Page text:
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New Hockey Canada GM Doug Armstrong has tough decisions ahead

Doug Armstrong was part of the Canadian management group for the past two Olympics. Abelimages/Getty Images

TORONTO -- Seeing first-hand the torment that Steve Yzerman lived through as Canada’s two-time Olympic general manager makes you wonder why anyone in their right mind would want the job.

And did we mention Yzerman led Team Canada to two Olympic gold medals?

But it is the adrenaline rush from succeeding under so much pressure that hockey people live for.

And so, Doug Armstrong didn’t give it a moment’s thought. He accepted Hockey Canada’s offer to run the hockey-mad country’s entry in next year’s World Cup of Hockey without blinking -- despite very much knowing just what Yzerman went through since Armstrong was part of the Canadian management group for the past two Olympics.

"He and I talked about that," said Armstrong, smiling on Monday after a news conference to announce him as Canada's GM. "When I was asked to do this, he [Yzerman] was the first person I called to make sure that he still had that same desire not to participate in it. He had certainly earned the right to if he wanted to, but he felt it was time for other people to move ahead. But I’ve talked to him on numerous occasions about this process and I plan on talking to him."

Yzerman stepped down right after the team he assembled for Sochi won Olympic gold in February 2014 -- the pressures of that build-up taking its toll in the aftermath of Martin St. Louis asking for a trade from the Tampa Bay Lightning after he was initially omitted from the Olympic roster even though he was added to the team as an injury replacement.

Yzerman, Tampa’s GM, left the Team Canada head honcho position with a perfect two-for-two record in terms of Olympic championships, and now Armstrong jumps into those big shoes.

Not only will Armstrong still pick Yzerman’s brain, but he has some great options on his Team Canada management staff, which was also announced Monday: Ken Holland of the Detroit Red Wings, Marc Bergevin of the Montreal Canadiens, Bob Murray of the Anaheim Ducks, Rob Blake of the Los Angeles Kings and Scott Salmond of Hockey Canada -- lots of high hockey IQ there.

Armstrong, the St. Louis Blues GM, also plans on making another call to the man who assembled the 2002 Canadian Olympic squad and the 2004 Canadian World Cup of Hockey team.

"At some point, I’d like to reach out to Wayne Gretzky to get his opinions on the difference of the format and putting that training camp together versus the Olympics team together," said Armstrong.

What remains unclear at this point is who will be the head coach. Mike Babcock was at the helm behind the Canadian bench for the past two Olympics, so that puts him back in the thick of the discussion. But by no means is he a sure thing.

"There’s a lot of really good coaches out there," Hockey Canada CEO Tom Renney told ESPN.com Monday. "Mike’s done an incredible job for Canada and the international game, obviously. We all respect that and we will continue to. He’ll certainly be a big topic of conversation when it comes down to the coaching staff. But there are other guys who have done a great job. Alain Vigneault did a great job in New York this year. Q [Chicago Blackhawks coach Joel Quenneville] just keeps doing what Q does, three out of six, I mean, c’mon, you got to pay attention to that. There’s such good coaching in this league. You’ve got other guys who have the international experience, Lindy [Ruff], Claude [Julien], Tipp [Dave Tippett]. ... Plus you’ve got Darryl Sutter. So, we’ve got to talk this through."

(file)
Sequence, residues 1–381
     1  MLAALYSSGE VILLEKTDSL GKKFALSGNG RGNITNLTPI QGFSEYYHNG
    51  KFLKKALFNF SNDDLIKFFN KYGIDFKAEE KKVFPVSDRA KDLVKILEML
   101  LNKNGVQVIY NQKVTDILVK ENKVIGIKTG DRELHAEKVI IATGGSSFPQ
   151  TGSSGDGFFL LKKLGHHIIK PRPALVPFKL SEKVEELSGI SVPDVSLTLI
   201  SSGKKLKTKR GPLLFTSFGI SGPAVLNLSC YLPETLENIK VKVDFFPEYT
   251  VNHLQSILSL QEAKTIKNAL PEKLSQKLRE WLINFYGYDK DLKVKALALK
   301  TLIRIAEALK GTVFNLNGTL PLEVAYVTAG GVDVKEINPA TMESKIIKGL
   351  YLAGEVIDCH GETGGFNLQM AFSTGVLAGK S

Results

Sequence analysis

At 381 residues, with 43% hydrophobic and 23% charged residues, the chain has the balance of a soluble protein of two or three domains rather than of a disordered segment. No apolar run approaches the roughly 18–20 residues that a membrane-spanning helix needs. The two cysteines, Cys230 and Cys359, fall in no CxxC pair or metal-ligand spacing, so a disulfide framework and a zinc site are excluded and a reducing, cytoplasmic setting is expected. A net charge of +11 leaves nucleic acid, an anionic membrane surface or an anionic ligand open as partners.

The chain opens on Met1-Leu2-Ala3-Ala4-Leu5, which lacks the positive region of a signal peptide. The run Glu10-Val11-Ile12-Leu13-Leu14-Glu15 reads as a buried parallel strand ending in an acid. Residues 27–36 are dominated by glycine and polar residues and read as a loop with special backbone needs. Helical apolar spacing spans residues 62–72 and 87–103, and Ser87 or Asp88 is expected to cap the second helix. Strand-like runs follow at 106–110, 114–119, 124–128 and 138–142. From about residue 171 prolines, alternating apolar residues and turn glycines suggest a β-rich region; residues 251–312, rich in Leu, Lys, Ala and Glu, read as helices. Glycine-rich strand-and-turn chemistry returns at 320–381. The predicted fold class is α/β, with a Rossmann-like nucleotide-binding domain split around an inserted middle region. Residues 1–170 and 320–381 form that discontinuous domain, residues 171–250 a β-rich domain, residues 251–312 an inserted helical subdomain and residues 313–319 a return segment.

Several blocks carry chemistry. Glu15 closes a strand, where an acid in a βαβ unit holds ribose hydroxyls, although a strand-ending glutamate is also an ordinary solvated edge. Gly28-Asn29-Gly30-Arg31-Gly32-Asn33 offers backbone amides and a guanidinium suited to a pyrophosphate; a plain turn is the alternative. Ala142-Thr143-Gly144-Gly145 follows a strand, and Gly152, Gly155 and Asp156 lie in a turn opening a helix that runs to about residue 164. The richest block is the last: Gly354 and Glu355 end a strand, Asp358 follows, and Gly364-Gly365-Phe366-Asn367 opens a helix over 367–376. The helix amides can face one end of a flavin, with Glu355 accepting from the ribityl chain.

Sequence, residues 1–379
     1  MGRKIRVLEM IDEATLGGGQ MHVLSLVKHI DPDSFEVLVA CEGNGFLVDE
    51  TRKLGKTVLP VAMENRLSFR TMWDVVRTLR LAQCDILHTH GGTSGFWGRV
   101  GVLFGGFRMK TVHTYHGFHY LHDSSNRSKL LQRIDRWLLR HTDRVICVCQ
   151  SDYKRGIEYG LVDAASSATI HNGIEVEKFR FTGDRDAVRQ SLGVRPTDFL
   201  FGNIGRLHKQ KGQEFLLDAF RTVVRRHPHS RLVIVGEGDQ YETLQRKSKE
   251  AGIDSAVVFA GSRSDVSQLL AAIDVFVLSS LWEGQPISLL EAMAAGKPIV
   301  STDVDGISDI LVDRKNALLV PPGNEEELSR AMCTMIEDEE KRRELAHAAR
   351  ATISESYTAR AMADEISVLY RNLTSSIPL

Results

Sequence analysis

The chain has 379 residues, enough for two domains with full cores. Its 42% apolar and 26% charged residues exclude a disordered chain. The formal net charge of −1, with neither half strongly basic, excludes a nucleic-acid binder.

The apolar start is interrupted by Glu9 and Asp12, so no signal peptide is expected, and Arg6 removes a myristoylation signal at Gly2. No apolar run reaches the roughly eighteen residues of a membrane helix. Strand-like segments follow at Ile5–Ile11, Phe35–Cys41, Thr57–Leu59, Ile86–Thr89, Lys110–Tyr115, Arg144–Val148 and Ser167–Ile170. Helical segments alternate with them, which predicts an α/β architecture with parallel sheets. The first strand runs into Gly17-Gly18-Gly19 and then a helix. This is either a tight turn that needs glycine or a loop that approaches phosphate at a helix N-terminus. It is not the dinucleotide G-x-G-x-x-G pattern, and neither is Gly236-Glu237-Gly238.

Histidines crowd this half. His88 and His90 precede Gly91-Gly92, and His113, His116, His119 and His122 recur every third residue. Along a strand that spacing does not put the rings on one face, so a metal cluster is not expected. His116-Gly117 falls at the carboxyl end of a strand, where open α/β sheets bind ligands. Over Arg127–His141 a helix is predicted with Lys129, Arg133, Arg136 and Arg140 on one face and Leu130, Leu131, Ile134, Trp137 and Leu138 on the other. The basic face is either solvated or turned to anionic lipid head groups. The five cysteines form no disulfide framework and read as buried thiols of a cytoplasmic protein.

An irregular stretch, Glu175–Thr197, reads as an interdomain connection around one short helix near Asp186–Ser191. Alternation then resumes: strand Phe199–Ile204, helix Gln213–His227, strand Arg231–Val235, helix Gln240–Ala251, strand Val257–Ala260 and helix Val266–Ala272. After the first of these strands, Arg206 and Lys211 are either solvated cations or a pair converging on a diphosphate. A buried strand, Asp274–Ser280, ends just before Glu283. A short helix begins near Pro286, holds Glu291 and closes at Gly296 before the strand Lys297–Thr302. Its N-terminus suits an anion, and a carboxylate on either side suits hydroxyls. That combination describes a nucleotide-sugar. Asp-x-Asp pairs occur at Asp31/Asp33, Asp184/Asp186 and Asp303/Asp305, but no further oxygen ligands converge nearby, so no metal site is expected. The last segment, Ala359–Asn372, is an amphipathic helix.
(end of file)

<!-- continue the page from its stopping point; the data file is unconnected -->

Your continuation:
Armstrong said that the depth of Canada's player pool and the depth of Canada's coaching pool is the "greatest in the world."

"You can’t deny what Mike has accomplished [in] the last two Olympics," Armstrong said. "And most certainly he’s on everyone’s short list. But I think we want to be fair to the process. You have Joel Quenneville who has won three Stanley Cups, you have Darryl Sutter that’s won two, Alain Vigneault has won two Presidents' Trophies with two different teams, there’s a great list of coaches. We’re going to take our time."

Always dangerous to read between the lines, but I wonder since there’s been a change in GM if Hockey Canada won’t also feel it's good timing for a new face behind the bench. Having said that, it’s not like you can make a bad choice between Babcock, Quenneville, Vigneault or any of the top names.

The real tough part always comes in the form of the final few player selections on a roster that’s ultra-loaded.

Armstrong and the Team Canada management staff held a meeting Monday going over their original player roster thoughts.

"A small group of us got together at the general managers’ meeting [in March] and put together a ghost roster," said Armstrong. "We said, 'Let’s watch the playoffs, let’s watch the world championships. And put another roster together.' So now we’re going to go through the similarities of the first one and the similarities of this one. I know on my list there were three or four new players on the shorter list now."

Armstrong mentioned the likes of Jake Muzzin and Alex Killorn as names moving up his list.

That Armstrong said his group had begun these discussions back in March also suggests that Hockey Canada has had him in mind for the GM job for quite some time.

"We started to talk to Doug right after Christmas actually about the position," revealed Renney. "We were pretty dialed in that he would be the guy."

'The guy' has been Yzerman twice and Gretzky three times over the past five best-on-best tournaments, The Great One’s teams winning Olympic gold at Salt Lake in 2002 and the World Cup in 2004 before a disappointing 2006 Olympics in Torino. That’s when Yzerman entered the picture and won Olympic gold twice in a row.

Over to you, Doug Armstrong. No pressure at all!